4Q 2018

Utility Microgrid Strategies Leveraging DER for Grid Benefits

The electric utility industry is at a crossroads. Deployments of distributed energy resources (DER) will exceed centralized generation in 2018, and the gap between the two categories will only grow wider (and in favor of DER) over time. Microgrids represent one platform that can transform these DER into systems that offer enhanced resiliency services outside of traditional utility offerings. While the islanding functionality of microgrids was historically viewed with suspicion, a growing number of utilities are investigating what role this platform could or should play in this market.

Microgrids are inching their way into the mainstream, though most are being deployed by non-utility vendors for third parties. Growing interest in and regulatory support for community microgrids—as well as microgrids designed to bolster the overall distribution system—are opening the door for utilities to play a larger, as yet mostly undefined role in the deployment of microgrids. Yet, microgrids do not fit neatly into the current utility toolbox. The downside to this reality is that many utilities lack clarity on how best to proceed. The upside is that those that move early, experiment, and then learn from pilot programs can help shape their own microgrid destiny. They can also offer new models for the entire utility industry.

This Guidehouse Insights report explains why DER technology trends point to the need for new utility business models. The study discusses how utilities that move now can shape future microgrid markets to create new revenue opportunities. Three paths forward for utilities to deploy microgrids are described: a traditional regulated rate-based approach; unregulated business ventures; and hybrid approaches that could include investing in or acquiring microgrid vendors. The report also provides recommendations for utilities relative to these strategies based on existing regulatory structures, geographical and resource considerations, and expected future technology innovations.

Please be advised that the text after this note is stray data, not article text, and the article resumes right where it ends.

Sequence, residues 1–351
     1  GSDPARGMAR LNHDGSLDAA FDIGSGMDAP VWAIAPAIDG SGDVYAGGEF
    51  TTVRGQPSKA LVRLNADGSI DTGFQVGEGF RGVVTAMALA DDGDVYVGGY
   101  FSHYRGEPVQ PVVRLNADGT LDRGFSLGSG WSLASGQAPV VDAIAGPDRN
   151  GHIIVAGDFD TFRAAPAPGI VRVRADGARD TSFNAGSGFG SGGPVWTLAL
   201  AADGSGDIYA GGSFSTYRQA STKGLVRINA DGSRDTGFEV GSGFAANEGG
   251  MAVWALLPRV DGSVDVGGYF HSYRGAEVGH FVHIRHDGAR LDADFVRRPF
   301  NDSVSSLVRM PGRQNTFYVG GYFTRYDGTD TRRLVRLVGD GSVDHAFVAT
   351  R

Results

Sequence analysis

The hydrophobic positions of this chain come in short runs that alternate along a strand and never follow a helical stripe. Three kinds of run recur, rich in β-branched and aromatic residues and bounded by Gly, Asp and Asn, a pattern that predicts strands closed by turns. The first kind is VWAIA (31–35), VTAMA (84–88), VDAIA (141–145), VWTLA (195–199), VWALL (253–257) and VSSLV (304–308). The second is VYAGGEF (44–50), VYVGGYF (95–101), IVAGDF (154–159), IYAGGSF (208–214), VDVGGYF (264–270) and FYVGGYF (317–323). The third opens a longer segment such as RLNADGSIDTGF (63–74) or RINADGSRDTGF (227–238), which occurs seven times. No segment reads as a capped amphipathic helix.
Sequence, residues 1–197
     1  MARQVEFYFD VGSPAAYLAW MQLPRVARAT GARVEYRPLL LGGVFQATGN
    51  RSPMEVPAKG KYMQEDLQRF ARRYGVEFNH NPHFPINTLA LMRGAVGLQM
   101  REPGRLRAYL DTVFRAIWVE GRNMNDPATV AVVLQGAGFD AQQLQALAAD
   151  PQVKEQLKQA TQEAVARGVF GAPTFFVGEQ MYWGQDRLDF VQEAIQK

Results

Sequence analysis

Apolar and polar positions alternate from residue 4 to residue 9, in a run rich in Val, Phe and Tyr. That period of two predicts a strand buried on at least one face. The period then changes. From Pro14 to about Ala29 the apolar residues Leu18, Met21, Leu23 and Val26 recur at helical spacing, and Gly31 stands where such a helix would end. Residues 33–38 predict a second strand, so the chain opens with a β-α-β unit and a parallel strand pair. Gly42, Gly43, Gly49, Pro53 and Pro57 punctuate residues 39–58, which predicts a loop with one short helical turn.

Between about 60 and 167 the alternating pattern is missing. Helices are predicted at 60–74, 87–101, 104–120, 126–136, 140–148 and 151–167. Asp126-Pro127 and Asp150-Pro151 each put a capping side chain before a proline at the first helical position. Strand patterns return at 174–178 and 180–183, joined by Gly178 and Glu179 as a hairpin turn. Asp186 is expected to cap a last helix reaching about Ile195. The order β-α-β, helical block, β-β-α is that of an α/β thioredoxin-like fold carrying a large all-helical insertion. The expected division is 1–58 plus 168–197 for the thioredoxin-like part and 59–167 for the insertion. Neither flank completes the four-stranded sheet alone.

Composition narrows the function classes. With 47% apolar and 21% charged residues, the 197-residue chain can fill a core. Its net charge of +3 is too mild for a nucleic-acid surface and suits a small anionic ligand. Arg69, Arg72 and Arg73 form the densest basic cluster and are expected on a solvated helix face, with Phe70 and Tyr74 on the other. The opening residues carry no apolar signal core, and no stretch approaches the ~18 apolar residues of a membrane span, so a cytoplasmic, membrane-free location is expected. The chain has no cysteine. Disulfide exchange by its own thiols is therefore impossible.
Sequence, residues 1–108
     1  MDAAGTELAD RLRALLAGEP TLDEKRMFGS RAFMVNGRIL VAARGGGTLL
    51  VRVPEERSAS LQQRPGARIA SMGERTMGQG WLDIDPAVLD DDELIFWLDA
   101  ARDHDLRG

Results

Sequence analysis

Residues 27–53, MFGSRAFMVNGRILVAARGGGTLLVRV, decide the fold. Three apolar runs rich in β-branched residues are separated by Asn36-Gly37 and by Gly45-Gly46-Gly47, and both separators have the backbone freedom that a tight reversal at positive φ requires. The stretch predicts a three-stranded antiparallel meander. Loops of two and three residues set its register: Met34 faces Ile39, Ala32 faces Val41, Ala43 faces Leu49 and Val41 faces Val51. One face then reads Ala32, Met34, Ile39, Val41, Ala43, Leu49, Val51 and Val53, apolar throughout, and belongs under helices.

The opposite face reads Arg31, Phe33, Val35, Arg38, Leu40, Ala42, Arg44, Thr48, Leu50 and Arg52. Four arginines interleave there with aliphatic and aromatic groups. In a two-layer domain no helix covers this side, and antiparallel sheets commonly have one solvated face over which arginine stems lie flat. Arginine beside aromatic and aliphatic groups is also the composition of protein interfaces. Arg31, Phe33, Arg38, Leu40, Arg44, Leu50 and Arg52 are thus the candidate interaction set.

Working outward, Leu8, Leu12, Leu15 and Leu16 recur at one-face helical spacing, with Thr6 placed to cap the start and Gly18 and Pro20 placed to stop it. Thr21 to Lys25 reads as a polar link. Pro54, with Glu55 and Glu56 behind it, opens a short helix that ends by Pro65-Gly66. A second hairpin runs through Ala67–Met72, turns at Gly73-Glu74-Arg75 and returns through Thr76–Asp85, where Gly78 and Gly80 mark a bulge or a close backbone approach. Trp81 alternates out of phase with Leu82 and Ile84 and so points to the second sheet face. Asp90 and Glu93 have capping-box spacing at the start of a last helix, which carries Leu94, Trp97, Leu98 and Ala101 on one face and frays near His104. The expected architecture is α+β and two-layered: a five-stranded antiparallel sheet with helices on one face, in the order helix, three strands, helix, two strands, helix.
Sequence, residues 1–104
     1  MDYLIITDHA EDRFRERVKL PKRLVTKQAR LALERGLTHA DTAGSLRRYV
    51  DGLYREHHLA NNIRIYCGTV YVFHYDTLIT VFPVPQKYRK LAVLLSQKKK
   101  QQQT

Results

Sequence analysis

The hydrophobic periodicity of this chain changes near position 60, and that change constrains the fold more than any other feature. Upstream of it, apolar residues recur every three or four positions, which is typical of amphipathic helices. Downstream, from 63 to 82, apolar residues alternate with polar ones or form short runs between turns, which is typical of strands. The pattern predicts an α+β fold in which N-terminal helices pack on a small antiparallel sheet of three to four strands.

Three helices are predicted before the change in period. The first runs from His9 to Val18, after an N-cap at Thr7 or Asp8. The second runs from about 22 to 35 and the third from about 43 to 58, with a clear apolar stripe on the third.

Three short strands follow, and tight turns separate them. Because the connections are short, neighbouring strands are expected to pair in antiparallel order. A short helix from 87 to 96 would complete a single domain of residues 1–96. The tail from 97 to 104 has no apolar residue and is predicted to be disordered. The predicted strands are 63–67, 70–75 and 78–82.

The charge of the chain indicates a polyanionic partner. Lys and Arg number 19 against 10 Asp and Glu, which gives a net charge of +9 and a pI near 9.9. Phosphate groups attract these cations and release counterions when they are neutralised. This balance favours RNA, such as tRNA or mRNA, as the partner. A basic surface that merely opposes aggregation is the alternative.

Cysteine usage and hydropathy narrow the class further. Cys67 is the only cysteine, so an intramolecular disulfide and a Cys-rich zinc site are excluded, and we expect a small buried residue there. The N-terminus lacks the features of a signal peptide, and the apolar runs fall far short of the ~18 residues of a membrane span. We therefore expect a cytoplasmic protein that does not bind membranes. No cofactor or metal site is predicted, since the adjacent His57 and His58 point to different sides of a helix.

Pages 11
Tables | Charts | Figures 2
  • Why are utilities investigating microgrid business opportunities worldwide?
  • How will microgrid ownership structures affect utility strategies?
  • What are the pros and cons of rate-basing microgrids?
  • What are the advantages of investing in microgrids as an unregulated business venture?
  • What are the four most important strategic components to any utility microgrid strategy?
  • Investor-owned utilities
  • Government-owned utilities
  • Vertically integrated utilities
  • Private sector microgrid solutions providers
  • Community microgrid advocates
  • Research institutes
  • Investor community




DER Technology Trends Point to Need for New Utility Business Models

Utility Distribution Microgrids Are Playing a Key Role

Utilities That Move Now Can Shape Future Markets

Vertically Integrated Utilities

Disaggregated Utilities Operating in Competitive Environments

Municipal, Rural Cooperatives, and Other Government-Owned Utilities

Case Studies Showcasing Three Major Microgrid Strategies

Traditional Rate-Based Regulatory Approvals for Microgrids

Pursue Unregulated Business Venture Investments

Company Acquisitions of or Partnerships with Solutions Providers

Paths Forward for Utilities Seeking to Deploy Microgrids

Advance Microgrid Deployments That Address Specific DER Challenges

Learn from Other Utilities with Similar Structures or Grid Challenges

Develop a Short-Term Market Entry Strategy and a 10-Year Stretch Goal

Investigate More Than One Strategy Simultaneously

Engage with the Market Today

  • Total Microgrid Power Capacity Market Share by Segment, World Markets: 4Q 2018
  • Mapping Utility Microgrid Strategies
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